People Making A Difference


Safety for our pets is a desire for all pet lovers. Living amongst us are individuals that carry the passion for safety beyond the normal efforts. We feel they deserve to be featured in an article telling just how they are trying to make a difference. The two we are featuring today are Ashley Oelsen and Melissa Ramirex.

Ashley Oelsen

Ashley Oelsen has embarked on a journey to help save millions of rescue dogs by building awareness through education and community outreach. Inspired by her love for animals, Ashley brings something very unique and diverse to her day-to-day operations.


Sol Foundation (Sharing Our Love) named after her rescue dog Sol, was founded by Ashley in 2008 and is truly one of the most unique foundations that unite rescue dogs and children. The bond between humans and animals can be so strong not to mention life changing for both. Her mission is to prevent cruelty to animals through education, awareness and advocacy. She created a very distinctive way to teach kids an established sense of responsibility, and kindness towards animals and other humans that begins with weekly visits, with Sol by her side, to local schools and community centers helping students in the curriculum of reading and writing. In addition to the basic stepping-stones of education that will hopefully lead to the success of future generations, Ashley and Sol commence that initial connection between kids and animals. Unfortunate but factual, many of these kids and rescues share similar backgrounds such as physical abuse, abandonment and lack of attention. Aside from the tutorial benefits that Ashley brings to the table, these students are able to bond with the animals, respect them and learn that with hard work, and responsibility they can find unconditional love in one another, something they may have never experienced.

Ashely was recently awarded a $10,000 donation by Dog Time Media along with a fellow rescuer for their hard work and dedication. Sol Foundation can add this wonderful donation to it’s rescue fund allowing Ashley to continue rescuing, caring for some of the dogs that come out of shelters very ill and then placing them in the proper home. It’s always more than a days work and it NEVER ends. She gave up her full time job to start her foundation and works 24/7 living up to Sol’s mission.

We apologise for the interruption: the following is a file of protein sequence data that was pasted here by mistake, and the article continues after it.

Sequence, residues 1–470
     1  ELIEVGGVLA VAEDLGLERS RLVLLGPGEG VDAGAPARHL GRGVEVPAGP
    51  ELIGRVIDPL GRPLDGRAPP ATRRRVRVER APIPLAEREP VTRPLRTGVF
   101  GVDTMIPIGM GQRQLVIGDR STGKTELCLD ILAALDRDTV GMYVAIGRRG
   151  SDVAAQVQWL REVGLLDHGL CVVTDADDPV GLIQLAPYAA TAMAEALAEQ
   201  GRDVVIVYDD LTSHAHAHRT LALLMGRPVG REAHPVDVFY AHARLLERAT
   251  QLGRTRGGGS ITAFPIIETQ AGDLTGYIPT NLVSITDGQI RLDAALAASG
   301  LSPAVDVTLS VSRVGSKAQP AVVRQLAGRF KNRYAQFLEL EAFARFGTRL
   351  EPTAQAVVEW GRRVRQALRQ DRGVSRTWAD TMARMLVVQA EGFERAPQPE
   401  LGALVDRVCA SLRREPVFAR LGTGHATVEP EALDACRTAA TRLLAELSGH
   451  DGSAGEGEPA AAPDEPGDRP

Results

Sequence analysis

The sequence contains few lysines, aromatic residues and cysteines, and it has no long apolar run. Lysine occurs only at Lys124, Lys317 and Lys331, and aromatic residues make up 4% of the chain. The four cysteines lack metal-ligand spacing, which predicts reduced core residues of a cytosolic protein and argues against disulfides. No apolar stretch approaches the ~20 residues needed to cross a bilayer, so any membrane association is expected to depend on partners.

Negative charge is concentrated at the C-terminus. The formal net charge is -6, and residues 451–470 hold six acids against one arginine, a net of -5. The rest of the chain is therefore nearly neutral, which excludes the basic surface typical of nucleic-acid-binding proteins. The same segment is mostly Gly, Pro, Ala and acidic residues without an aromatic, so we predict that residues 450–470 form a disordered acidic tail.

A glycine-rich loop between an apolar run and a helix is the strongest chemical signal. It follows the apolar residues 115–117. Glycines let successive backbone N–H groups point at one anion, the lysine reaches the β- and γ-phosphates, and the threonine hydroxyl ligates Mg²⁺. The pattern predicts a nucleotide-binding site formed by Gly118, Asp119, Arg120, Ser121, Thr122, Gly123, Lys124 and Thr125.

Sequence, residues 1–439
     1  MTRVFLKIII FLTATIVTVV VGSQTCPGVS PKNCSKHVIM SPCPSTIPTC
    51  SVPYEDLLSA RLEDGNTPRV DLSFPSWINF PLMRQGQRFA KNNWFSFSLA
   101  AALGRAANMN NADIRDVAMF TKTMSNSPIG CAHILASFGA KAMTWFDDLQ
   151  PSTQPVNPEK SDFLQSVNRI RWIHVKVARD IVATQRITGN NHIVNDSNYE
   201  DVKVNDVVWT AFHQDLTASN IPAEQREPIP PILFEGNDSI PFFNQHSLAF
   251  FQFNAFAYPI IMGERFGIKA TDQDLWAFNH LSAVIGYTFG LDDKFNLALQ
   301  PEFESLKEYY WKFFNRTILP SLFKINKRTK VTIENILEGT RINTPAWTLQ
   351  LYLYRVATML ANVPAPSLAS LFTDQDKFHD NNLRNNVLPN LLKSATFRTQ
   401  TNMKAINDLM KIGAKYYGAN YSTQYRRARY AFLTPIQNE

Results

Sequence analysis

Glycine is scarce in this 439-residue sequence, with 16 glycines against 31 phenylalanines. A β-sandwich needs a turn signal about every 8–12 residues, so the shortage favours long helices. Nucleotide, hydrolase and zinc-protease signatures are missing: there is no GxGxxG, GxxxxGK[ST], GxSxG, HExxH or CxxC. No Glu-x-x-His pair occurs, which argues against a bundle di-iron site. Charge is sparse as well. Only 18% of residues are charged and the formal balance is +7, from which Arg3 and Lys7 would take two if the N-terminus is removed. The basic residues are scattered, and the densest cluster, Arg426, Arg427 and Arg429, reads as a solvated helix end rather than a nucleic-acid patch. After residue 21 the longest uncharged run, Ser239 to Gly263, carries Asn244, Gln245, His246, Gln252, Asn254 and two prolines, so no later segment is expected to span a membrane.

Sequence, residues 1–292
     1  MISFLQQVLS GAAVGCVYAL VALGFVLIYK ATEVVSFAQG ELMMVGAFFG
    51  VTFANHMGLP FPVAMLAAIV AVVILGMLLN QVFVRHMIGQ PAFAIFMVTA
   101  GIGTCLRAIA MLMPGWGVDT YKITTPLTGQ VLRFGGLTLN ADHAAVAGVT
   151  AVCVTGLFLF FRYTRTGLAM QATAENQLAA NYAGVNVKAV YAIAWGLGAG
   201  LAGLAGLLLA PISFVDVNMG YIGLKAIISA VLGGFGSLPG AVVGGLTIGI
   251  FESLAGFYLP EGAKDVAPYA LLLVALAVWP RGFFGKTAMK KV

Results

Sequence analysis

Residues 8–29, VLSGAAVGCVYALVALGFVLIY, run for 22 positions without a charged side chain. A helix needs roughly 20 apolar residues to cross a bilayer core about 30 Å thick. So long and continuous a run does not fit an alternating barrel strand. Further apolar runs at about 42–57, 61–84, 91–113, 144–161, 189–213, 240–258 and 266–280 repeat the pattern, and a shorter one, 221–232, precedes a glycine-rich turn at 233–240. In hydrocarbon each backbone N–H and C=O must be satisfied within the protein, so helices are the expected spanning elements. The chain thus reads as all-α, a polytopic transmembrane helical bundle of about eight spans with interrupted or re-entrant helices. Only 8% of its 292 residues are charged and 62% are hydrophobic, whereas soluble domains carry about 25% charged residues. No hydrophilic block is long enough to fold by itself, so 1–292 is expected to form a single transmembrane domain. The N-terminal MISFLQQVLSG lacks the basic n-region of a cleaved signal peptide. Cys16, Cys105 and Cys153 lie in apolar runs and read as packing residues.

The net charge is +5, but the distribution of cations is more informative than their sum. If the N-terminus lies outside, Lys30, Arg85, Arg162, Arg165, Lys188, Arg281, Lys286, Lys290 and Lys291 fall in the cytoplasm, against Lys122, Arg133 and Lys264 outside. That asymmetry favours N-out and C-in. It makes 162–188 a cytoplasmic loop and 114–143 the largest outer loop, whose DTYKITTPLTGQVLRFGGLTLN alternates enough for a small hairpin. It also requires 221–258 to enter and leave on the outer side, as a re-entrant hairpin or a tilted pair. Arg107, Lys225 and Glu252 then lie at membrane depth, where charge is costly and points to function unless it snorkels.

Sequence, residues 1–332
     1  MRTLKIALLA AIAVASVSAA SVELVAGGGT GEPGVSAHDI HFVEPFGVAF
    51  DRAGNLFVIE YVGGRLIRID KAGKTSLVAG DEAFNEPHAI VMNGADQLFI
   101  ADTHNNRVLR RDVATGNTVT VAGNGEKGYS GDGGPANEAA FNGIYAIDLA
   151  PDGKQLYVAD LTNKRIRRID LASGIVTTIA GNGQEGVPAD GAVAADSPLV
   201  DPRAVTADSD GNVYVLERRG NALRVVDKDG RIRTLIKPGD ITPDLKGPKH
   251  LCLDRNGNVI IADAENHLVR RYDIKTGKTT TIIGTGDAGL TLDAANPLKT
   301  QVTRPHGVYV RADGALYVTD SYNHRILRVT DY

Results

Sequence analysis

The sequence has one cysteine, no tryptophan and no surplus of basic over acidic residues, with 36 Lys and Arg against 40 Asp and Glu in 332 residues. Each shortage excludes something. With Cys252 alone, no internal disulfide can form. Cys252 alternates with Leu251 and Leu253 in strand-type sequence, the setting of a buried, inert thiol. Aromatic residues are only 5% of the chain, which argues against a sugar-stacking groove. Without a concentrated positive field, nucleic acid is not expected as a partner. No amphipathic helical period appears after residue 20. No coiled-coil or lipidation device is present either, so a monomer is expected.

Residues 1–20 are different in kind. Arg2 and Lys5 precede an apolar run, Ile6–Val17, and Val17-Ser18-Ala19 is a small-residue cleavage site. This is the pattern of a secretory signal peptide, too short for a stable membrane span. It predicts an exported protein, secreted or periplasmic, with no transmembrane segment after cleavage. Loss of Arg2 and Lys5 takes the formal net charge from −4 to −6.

She has determination and a true passion to save homeless pets and unite them with a loving owner. Ashley is an amazing humanitarian with a very big sol. You can learn more about Sol Foundation by visiting Sharing Our Love.

Melissa Ramirex

Melissa Ramirex from Chicago is determined to raise awareness of the dangers of traveling with an unrestrained dog in a car. Her two year old 12-pound puppy Max became paralyzed from the waist down while sitting in the front seat of her husband’s car when it was T-boned by another driver. She developed Doggie Seatbelt to prevent other small dogs from going through the pain that Max suffered when he landed at the foot pedals.

Max and Melissa

There are seven states that require a dog to be tethered or in a kennel when being transported in a vehicle. We applaud the states of Connecticut, California, Massachusetts, Nevada, Washington, Oregon and Rhode Island. Ramirez is actively working on how to make restraining dogs in moving cars a law in Illinois.

We’ve finally gotten to the point where we buckle ourselves and our children in the car, so it makes sense to buckle-in dogs since most people consider them a family member. “We need a light bulb to go off with dog lovers”.

Melissa obviously wants to sell Doggie Seatbelts, but her story goes way beyond the commercial aspects. She is extremely passionate about educating folks on the need to restrain dogs in the car because it is something that most folks don’t even imagine being dangerous. Sort of like when our moms put us in car beds and just plopped them on the back seat.

Visit My Doggie Seatbelt to read some valuable safety tips and read informative articles on her blog.


About Author

Devoted pet owner and now, devoted pet editor, Judi spent her time working in traditional offices, keeping the books and the day-to-day operations organized. Taking her dog to work every day for over a decade never seemed odd. Neither did having an office cat. She knows what it's like to train a new puppy and she's experienced the heartache of losing beloved companions.


  1. Pet safety seems like something people tend to surpass or over look. I mean cm’on, dogs riding on flat bed trucks and in the front seat of cars, it really grinds my gears.

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